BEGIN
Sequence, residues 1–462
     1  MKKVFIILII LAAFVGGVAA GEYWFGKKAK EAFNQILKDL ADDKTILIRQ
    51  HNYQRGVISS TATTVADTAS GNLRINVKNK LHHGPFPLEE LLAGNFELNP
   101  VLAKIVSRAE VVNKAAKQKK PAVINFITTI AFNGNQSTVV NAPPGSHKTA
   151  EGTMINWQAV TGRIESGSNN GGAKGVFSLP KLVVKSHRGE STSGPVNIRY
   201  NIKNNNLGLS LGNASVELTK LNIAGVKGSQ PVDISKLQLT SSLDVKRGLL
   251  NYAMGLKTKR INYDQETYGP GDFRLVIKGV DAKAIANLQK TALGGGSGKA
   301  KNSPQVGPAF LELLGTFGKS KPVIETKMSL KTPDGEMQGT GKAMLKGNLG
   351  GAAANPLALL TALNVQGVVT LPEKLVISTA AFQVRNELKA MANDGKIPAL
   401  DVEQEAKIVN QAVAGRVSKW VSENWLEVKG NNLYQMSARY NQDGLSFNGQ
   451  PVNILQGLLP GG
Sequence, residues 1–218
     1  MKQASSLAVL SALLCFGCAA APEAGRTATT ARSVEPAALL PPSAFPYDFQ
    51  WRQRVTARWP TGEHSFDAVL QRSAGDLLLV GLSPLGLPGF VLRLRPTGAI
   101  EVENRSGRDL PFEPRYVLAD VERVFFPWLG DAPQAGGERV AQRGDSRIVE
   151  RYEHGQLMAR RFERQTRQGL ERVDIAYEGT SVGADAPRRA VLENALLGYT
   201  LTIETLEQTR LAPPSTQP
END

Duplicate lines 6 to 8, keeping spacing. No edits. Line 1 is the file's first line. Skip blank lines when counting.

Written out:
   201  NIKNNNLGLS LGNASVELTK LNIAGVKGSQ PVDISKLQLT SSLDVKRGLL
   251  NYAMGLKTKR INYDQETYGP GDFRLVIKGV DAKAIANLQK TALGGGSGKA
   301  KNSPQVGPAF LELLGTFGKS KPVIETKMSL KTPDGEMQGT GKAMLKGNLG